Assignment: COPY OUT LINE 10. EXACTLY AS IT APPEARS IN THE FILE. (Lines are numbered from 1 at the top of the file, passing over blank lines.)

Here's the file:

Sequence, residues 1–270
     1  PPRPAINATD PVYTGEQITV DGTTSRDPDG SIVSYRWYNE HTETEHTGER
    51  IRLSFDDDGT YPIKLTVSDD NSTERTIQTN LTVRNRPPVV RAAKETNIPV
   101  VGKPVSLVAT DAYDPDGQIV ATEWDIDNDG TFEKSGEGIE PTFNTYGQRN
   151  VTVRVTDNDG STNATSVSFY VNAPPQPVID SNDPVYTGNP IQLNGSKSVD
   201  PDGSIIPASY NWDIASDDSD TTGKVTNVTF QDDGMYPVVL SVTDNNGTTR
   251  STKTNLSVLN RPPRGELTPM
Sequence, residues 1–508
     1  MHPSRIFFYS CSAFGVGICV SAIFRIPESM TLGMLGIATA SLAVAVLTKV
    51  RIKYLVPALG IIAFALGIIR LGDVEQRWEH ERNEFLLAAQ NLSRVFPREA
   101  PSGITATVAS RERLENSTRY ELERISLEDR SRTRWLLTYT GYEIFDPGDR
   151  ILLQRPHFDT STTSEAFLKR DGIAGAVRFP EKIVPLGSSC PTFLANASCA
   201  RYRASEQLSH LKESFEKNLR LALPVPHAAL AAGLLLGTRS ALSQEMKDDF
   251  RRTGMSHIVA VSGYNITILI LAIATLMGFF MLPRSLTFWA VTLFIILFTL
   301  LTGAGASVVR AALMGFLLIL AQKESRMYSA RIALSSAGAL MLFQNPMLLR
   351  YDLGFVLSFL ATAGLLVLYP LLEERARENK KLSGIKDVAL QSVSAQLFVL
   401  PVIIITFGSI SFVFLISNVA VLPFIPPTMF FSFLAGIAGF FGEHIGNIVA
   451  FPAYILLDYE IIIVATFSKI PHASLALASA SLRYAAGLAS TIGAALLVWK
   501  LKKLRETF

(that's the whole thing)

    51  RIKYLVPALG IIAFALGIIR LGDVEQRWEH ERNEFLLAAQ NLSRVFPREA